Menstruation is on my mind – how could it not be? I am a peri-menopausal woman! What that means is that I am waiting for the 12 month space between my last period and no period at all. When that happens I will be post menopause. It is an incredibly uncomfortable place to be in both physically and emotionally. The worst part of it is simply not knowing if I am bitchy and want chocolate because I am PMS or if I am just bitchy and want chocolate!
I am so used to have my menstrual cycle being the reason for so much of my physical and emotional landscape. What happens when it vanishes? Will I still have an internal barometer? I am sure that I will – I just don’t know it yet – and it probably won’t be tied to the calendar and the moon – and I think that I am going to miss that.
When I was going through my infertility – I hated my period. It was a marker of failure. The blood meant death to me. Another chance at life lost. It was the signal of failure.
Now it is a sign of youth to me. It is a connection to mother earth in the most spiritual of way – and my period is so uniquely female and familiar to me. How my breasts feel before, during and after – is something that I could count on. I am surprisingly unhappy about my “Auntie Flow” deciding that it is time to move out.
How women feel about our menstruation is both cultural and deeply personal. Recently, I stumbled upon a new book called “Flow: A Cultural Story of Menstruation” By Elissa Stein and Susan Kim, when I was out meeting with publishers to sell my upcoming book SHAMELESS. “Flow” is published by Harlequin’s new non fiction department with whom I was meeting with. When we left – my agent and editorial consultant – we commented over the galley of the book. “Flow”? Really? Will women want to read a book about menstruation? We weren’t sure – but we underestimated the appeal of talking about menstruation! Actually we really weren’t thinking straight in that moment. Women talk about their periods all the time! And “Flow” made it to “The View”! Think about it! If you are female or listen to females talk – what do we talk about? For me and my girlfriends – we mostly chat about food, dieting, money, kids, sex, lovers, and fighting with husbands – and oh yes! We talk endlessly about our hormones and our periods! It is up in the top ten of female conversations. We talk about “getting it” and “not getting it” or “Maybe I am getting it” a lot. We blame our periods for fights with our co-workers, family members, our food issues and our sex issues. Why wouldn’t we want a book about it?
Menstruation is actually vital to our overall health as women. The reason that women talk about our periods coming and going so much is that menstrual heath can be vital to our well bearing. As women – we just know that. It is just something that I seemed to have forgotten about between the years of infertility and peri-menopause – because for me – my periods were up until recently quite regular and unremarkable. But that is not the way menstruation is for every women.
Recently, I have gotten to know a relatively new organization dedicated to menstrual health!
Rachel’s Well is an innovative, multi-disciplinary non-profit organization committed to increasing women’s health research and education, particularly around the issues of menstrual health and Primary Ovarian Insufficiency (POI). If you have never heard of them – let me introduce you!
I think that they say it best -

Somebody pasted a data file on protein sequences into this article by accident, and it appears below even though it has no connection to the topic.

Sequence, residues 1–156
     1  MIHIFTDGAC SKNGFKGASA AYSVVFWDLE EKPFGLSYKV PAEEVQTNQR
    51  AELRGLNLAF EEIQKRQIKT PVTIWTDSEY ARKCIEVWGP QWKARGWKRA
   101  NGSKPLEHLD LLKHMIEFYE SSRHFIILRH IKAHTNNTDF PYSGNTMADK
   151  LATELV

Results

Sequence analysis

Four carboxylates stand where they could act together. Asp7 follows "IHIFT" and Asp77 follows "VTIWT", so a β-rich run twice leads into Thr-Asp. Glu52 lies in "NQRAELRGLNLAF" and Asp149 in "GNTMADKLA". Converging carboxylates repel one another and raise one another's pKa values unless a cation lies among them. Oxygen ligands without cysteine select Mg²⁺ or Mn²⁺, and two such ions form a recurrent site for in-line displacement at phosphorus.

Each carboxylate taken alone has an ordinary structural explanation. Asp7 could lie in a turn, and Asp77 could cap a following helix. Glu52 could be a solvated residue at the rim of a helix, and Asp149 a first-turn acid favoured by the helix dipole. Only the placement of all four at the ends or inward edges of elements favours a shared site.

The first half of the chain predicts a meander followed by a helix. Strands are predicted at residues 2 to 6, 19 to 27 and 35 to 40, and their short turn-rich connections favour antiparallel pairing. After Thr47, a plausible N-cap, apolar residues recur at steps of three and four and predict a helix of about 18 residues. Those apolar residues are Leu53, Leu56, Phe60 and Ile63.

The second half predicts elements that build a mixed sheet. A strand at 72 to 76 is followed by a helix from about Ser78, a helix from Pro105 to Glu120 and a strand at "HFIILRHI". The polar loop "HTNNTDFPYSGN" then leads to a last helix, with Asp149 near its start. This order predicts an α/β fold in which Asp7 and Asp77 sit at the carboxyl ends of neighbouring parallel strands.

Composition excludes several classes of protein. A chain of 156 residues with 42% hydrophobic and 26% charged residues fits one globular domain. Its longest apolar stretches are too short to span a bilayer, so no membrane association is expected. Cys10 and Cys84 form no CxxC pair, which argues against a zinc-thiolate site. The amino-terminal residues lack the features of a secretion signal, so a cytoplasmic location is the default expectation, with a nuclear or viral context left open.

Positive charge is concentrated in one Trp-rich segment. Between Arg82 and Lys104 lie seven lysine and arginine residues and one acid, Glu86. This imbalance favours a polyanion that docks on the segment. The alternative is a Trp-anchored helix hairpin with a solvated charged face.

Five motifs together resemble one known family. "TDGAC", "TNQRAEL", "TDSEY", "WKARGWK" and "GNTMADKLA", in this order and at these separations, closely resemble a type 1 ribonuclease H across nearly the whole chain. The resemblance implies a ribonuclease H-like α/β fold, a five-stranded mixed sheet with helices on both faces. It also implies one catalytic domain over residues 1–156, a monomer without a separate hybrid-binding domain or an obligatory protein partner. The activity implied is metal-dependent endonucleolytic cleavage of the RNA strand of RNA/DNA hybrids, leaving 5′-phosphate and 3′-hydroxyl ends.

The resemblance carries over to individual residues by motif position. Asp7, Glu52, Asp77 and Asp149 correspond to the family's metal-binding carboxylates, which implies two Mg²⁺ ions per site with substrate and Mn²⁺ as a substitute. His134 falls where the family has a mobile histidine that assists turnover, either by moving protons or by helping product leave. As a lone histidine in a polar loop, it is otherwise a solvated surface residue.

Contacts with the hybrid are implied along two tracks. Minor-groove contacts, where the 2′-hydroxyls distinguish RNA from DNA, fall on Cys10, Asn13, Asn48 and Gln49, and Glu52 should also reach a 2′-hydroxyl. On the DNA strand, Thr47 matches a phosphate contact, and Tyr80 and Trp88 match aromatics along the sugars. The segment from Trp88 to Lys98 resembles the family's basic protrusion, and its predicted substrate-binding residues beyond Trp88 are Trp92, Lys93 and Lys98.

“Menstruation is a unique indicator of a woman’s overall emotional and physical well-being. Rachel’s Well seeks to identify critical issues linked to the menstrual cycle as well as address misconceptions related to POI. Signaled by irregular menstrual cycles, the term POI describes a decline in the normal functioning of the ovaries in women under age 40. POI is associated with serious, long-term health concerns, like osteoporosis, health disease, emotional issues, and infertility.
Rachel’s Well supports a collaborative approach to promoting women’s health by increasing the recognition of menstrual health. We work together with patients, clinicians, researchers, academic institutions, professional associations, non-profit organizations, government agencies, and industry to formulate an effective multi-disciplinary team.
We seek out the majority of our funding from government and private foundation grants to support specific research and education initiatives. Our key projects for 2010 include:
*Convening a meeting of experts and other interested parties to discuss gaps in current research related to the menstrual cycle and POI
*Designing patient registries for POI and Fragile X-Associated POI
*Analyzing existing data from the various academic programs and clinical centers in order to gain better insight into the specific needs of POI patients
*Investigating decision-making processes regarding family building among women with diminishing ovarian function and establishing “best practices” for effectively educating these women about their options
*Developing a health education program highlighting the cultural, emotional, and biological aspects of the menstrual cycle in order to increase agency and lower at-risk behaviors among teens
*Planning various evidence-based educational programs, including focusing on peer education, spirituality, and bone health”
Well – isn’t that cool. I love that there is an organization looking out for our menstrual health – and I love that there are books talking about a women’s unique relationship with her menstruation. It is after all – a part of us – whether it is coming or going.
Good Menstrual Resources:
“The Secret Pleasures of Menopause” By Christiane Northrup
To Order “Flow” click here.
A Great Blog entry By Dr. Edward Ramirez on Menstruation